Societal and legislative expectations to adapt older buildings to deal with issues such as energy efficiency, disabled access and fire control also need to be handled sensitively, particularly when dealing with protected structures where government policies are sometimes perceived to be contradictory. The maintenance, repair and adaptation of our legacy of older buildings can meet 21st century needs without compromising their essential character and historic interest.

Maintenance

  • Regular maintenance is essential to keep buildings in good working order, yet maintenance budgets are often the first to be cut during times of austerity. This is a false economy and can prove to be an expensive mistake. Routine maintenance, even something as simple as cleaning the gutters, can help to prevent more extensive and costly future repair.
  • Maintenance is particularly important for older buildings, which often retain historic fabric and rare detailing. Otherwise irreparable damage can be done to the features that lend a building its individual character.  A visibly neglected building can also attract unwanted attention from vandals, reducing its value, whilst detrimentally affecting the character of the local area.
  • To achieve greatest effect, maintenance should be planned. Problems can then be identified early on and timely action taken to prevent the need for more drastic intervention at a later date. The unnecessary inconvenience brought about by a serious failure of the fabric or services of a building can therefore be avoided. It can also have an added benefit for budgeting as maintenance tasks can be programmed and costed well in advance.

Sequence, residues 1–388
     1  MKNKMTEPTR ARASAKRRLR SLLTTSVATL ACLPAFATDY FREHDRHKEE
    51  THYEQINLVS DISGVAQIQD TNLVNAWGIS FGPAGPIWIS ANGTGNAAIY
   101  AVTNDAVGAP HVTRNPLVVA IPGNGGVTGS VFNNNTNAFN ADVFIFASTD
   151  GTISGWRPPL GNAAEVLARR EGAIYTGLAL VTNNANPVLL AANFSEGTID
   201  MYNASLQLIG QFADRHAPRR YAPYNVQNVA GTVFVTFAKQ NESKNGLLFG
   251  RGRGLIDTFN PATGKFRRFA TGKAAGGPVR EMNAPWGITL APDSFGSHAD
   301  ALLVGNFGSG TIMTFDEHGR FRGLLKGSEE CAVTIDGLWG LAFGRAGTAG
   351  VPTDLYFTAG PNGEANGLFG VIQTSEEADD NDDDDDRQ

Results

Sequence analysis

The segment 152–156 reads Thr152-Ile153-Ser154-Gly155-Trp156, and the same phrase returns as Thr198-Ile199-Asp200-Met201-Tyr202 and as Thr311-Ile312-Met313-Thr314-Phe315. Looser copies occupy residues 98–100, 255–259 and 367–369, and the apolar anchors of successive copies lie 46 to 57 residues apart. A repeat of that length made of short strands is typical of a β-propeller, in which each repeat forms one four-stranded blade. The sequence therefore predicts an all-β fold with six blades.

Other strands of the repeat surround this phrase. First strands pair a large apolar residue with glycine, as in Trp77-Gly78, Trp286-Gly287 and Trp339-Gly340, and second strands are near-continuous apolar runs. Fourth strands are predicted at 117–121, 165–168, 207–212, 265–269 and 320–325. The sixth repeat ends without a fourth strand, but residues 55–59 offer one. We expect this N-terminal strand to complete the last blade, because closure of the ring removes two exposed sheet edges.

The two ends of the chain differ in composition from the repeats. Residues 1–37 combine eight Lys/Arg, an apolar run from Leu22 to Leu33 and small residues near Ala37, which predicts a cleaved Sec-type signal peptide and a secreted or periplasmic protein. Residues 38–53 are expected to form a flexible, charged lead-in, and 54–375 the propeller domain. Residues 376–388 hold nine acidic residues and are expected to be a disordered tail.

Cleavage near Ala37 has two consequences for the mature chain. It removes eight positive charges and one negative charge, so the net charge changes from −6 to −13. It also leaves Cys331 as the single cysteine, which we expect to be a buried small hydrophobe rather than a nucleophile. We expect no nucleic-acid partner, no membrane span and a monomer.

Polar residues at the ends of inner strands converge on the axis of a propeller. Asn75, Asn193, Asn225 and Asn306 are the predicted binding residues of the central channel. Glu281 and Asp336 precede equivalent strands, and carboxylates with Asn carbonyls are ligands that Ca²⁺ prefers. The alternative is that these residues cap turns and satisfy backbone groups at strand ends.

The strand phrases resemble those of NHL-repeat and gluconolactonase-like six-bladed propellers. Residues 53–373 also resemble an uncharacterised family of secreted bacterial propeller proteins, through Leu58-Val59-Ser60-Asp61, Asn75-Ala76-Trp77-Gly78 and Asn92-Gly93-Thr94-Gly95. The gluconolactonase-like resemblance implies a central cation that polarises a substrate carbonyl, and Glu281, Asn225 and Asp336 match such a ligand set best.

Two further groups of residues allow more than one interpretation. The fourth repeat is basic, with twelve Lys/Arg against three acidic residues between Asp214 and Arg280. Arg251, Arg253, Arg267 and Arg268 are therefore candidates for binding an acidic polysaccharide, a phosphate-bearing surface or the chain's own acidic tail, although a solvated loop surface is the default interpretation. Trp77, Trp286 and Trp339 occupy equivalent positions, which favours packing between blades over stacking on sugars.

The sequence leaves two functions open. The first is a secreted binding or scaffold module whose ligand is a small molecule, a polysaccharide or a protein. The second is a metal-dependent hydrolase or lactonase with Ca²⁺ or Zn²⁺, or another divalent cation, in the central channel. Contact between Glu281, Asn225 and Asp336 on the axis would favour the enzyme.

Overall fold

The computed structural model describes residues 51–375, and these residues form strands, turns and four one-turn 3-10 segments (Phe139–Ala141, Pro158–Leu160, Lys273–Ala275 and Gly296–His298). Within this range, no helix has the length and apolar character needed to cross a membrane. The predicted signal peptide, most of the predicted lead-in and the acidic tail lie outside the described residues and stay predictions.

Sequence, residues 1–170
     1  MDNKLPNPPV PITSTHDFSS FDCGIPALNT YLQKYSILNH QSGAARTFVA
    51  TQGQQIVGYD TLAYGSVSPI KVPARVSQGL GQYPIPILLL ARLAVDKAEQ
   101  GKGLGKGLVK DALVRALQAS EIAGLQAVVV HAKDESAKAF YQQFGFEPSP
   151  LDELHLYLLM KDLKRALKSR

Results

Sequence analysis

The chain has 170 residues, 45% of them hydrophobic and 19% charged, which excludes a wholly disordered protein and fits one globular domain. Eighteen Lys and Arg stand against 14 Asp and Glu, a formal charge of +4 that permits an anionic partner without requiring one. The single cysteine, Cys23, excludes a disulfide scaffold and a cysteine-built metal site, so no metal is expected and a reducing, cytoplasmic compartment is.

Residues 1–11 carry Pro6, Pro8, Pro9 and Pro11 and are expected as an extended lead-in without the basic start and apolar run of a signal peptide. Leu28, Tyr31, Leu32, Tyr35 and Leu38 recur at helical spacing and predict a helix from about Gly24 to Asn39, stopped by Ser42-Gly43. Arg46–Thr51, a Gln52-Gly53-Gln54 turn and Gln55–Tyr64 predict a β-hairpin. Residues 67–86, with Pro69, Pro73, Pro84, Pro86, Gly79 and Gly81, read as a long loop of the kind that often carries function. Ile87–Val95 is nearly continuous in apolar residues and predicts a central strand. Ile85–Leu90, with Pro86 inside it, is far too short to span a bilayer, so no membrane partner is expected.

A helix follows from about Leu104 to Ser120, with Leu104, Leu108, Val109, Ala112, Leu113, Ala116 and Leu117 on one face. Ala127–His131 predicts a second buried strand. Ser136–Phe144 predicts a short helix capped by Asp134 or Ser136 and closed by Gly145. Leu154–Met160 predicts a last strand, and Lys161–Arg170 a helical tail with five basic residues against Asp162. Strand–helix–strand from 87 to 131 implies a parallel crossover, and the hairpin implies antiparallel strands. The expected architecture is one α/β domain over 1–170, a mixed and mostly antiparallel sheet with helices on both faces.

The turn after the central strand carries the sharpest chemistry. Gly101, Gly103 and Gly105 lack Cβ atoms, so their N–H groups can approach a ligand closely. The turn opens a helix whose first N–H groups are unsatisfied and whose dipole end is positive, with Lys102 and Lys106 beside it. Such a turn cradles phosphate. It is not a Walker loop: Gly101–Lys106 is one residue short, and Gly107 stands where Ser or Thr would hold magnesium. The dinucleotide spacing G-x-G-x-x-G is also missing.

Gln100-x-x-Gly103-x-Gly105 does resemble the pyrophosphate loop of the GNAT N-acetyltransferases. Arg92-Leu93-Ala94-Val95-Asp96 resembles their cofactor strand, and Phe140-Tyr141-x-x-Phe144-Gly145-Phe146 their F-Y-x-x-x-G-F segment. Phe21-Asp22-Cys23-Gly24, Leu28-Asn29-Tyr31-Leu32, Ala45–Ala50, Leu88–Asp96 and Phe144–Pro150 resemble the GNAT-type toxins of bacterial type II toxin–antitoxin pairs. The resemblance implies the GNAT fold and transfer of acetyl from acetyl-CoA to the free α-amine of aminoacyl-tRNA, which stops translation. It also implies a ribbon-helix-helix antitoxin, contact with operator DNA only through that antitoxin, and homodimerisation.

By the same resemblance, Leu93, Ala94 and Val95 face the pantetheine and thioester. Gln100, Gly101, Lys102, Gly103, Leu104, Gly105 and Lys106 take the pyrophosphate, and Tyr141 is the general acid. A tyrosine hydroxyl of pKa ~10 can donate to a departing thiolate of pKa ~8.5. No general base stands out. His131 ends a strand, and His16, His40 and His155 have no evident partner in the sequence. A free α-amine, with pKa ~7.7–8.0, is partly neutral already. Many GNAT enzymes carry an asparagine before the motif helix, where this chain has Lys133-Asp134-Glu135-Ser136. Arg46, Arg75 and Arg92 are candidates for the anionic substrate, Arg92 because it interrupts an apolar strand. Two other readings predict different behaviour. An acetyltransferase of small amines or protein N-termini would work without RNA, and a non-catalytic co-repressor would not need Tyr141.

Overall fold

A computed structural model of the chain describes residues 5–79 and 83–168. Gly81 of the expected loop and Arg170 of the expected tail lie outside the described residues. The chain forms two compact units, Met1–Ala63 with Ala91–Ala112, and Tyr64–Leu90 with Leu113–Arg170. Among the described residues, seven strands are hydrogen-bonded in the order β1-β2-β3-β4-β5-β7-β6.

Preventative Maintenance

Preventative maintenance must be based on a thorough knowledge and understanding of the building together with the sort of problems that might appear. In an older building, these commonly occur at roof level which is more exposed to the weather and is crucial for directing rainwater safely away.

  • An integral part of a planned maintenance regime is a regular pattern of inspections. This follows a pre-prepared inspection checklist and forms part of a wider maintenance plan. On smaller buildings the plan and inspection could be undertaken by the owner, perhaps with some professional input, but it is advisable on larger buildings or complexes to employ and architect or surveyor experienced in historic buildings.
  • The complexity of the checklist and plan will depend on the size, nature and complexity of the building but in all cases can follow a fairly similar format. The checklist should be comprehensive and organised in a methodical and easy to follow format, setting out each building element, such as the roof, rainwater goods or external walls; the required frequency of the inspections; the maintenance task, such as cleaning the gutters; and the person responsible for completing the task.